19/02/2021 Modern & Contemporary British Art, Prints & Multiples , News Stories & Press Release
The Connor Brothers, Mike Snelle and James Golding; Photo Source / Credit: Saskia UppenKamp
The Connor Brothers are twin brother artists that were born into a secretive cult know as “the family” in California. “The Family” were an extreme Christian cult that believed in “the system”. The Connor brothers were deprived of information in regard to the outside world and other parts of society. At the age of 16 the brothers decided to leave the family and escape to the outside world. They made their way through America until finally settling in New York City. Due to the isolation, they had experienced growing up the brothers were overwhelmed by the new world they were experiencing. They wanted to learn about all the things they had missed out on and were now currently experiencing. The art they produced was developed through a system in which they would share new experiences with each other through sketches and written words. They would produce these works independently, then come together to produce their artwork together. Their work references popular culture, historical and political topics within society. This is the story of how the Connor brothers came to be the artists they are today…..
Everything written above is completely false, the Connor brothers are two artists from London who are not at all related, American or were ever part of a cult. However, the Art industry believed this was a true story for a long time. Mike Snelle and James Golding are the real names of the two artists who release work under the name ‘The Connor Brothers’. The two come from the British urban street art scene where mystery and anonymity are commonplace much like Banksy. Both men had suffered with personal problems Snelle with mental health issues and Golding with addiction. When the two were overcoming their issues, they started to produce art works together as a form of therapy, the prospect of releasing the works scared them. Snelle specifically wanted to keep a low profile and keep himself out of the spotlight. Therefore in 2012 the story of the Connor brothers was born. They kept the ruse up for a couple years until 2014, but as their works became more and more popular, they revealed themselves to the world.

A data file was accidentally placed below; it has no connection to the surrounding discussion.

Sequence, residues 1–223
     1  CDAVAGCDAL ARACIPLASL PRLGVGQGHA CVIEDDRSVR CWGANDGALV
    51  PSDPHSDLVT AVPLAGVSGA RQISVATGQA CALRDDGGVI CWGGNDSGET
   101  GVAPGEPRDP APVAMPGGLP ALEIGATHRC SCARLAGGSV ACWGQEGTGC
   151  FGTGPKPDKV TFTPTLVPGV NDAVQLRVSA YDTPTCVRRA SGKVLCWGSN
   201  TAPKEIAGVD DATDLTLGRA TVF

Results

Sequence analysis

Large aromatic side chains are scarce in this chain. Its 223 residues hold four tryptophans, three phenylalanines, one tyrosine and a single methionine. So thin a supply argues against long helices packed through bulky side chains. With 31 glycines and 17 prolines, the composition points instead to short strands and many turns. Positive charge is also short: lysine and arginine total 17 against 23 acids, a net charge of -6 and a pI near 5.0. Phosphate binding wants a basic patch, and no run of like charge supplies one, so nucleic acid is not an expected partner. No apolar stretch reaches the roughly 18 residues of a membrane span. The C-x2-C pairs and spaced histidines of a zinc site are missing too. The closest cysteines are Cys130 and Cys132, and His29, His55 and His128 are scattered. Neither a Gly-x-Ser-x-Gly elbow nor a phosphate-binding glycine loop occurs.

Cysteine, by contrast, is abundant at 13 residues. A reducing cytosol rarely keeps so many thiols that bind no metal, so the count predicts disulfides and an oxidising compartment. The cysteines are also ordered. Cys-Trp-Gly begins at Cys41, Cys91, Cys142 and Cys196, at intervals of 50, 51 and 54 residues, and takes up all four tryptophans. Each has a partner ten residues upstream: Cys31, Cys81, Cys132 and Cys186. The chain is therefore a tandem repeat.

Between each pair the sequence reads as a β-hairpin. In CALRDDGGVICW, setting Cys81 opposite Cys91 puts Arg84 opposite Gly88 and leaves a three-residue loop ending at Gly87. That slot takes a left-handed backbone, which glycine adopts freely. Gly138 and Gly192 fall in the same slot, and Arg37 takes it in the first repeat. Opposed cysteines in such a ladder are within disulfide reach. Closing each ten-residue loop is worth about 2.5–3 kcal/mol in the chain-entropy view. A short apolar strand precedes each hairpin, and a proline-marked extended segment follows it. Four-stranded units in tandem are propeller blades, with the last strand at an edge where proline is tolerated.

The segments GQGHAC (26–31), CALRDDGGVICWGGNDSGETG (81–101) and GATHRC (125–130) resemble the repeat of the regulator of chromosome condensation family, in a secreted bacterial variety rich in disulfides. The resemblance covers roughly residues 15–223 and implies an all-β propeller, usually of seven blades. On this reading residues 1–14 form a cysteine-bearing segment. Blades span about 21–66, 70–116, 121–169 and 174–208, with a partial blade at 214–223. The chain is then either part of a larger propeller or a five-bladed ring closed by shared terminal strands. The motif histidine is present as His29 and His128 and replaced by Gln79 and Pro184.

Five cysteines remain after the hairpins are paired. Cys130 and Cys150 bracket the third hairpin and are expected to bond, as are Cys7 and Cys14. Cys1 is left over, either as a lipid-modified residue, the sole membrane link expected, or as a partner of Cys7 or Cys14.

They were received positively, and their works have grown even more popular following the revelation of who they truly were. Their work is a melting pot of contemporary and pop culture in oils and collages. There is humour and wit within their work, and they use quotes by some of their favourite authors such as David Wallace and Hunter S. Thompson on their canvasses. A lot of their works are formatted in the style of book covers reminiscent of the Penguin children’s books.
The Connor Brothers have been amongst the most active voices to comment on the refugee crisis within the art world. The Connor Brothers produced their 2015 refugee themed theatrical performance at Banksy’s Dismaland, closely associated with the Russian activist group Pussy Riot. More recently they have teamed up with Professor Green and the mental health charity CALM to raise funds and awareness about the UK’s epidemic of male depression and suicide.
The Connor Brothers exhibited internationally in London, Sydney, Dubai, Hong Kong and Berlin. Major collections include the Victoria and Albert Museum, the Penguin books art collection and the Omer Koc and Niarchos Collections.
Their most expensive piece sold by the Connor Brothers is The Truth Is Like Poetry/Study for The Truth is Like Poetry (2018) sold at Philips in London for £40,320 in December 2020.
Here at Roseberys we are proud to have sold many pieces by the Connor brothers below are some of the pieces that have previously sold at Roseberys.
We also have a number of pieces by The Connor Brothers in our upcoming Modern & Contemporary Prints & Multiples Sale that will take place on Tuesday 9 March, 2021.
The Connor Brothers, British b.1968- Extraordinary People, 2020; giclée print with silkscreen varnish in colours on wove included in Roseberys Modern & Contemporary Prints & Multiples auction on Tuesday 9 March 2021
The Connor Brothers, British b.1968- The Preceding Accumulation of Emotional Distress, 2020; unique mixed media collage, digital print, crayon and hand-finished acrylic on wove included in Roseberys Modern & Contemporary Prints & Multiples auction on Tuesday 9 March 2021
The Connor Brothers, British b.1968- If it's Not Weird I'm Not Interested, 2017; giclee print in colours on wove included in Roseberys Modern & Contemporary Prints & Multiples auction on Tuesday 9 March 2021
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